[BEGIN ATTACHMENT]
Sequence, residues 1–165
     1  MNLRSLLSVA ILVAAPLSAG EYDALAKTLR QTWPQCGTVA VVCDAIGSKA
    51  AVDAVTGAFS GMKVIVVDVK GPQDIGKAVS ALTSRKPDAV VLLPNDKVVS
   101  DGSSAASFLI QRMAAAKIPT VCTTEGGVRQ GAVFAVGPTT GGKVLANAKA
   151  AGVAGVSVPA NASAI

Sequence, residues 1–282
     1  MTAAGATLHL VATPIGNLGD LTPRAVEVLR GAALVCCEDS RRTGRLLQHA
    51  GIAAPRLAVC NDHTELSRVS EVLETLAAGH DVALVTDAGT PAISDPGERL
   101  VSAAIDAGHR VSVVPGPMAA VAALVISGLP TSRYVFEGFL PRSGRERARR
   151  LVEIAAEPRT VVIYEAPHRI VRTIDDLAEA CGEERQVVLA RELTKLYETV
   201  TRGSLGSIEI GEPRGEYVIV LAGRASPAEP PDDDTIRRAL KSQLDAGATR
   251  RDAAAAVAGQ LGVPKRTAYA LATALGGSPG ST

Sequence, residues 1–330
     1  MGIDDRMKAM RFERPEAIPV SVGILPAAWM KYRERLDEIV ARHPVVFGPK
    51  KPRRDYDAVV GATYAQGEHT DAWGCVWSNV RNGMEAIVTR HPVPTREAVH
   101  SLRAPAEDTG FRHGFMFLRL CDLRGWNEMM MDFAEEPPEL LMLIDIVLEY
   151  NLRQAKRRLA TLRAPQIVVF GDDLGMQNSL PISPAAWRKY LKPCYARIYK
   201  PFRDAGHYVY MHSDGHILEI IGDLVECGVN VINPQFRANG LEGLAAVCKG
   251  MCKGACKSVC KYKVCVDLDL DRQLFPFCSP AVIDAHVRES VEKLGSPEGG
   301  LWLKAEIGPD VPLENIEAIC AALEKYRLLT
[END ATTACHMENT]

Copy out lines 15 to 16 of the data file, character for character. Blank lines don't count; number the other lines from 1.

    51  KPRRDYDAVV GATYAQGEHT DAWGCVWSNV RNGMEAIVTR HPVPTREAVH
   101  SLRAPAEDTG FRHGFMFLRL CDLRGWNEMM MDFAEEPPEL LMLIDIVLEY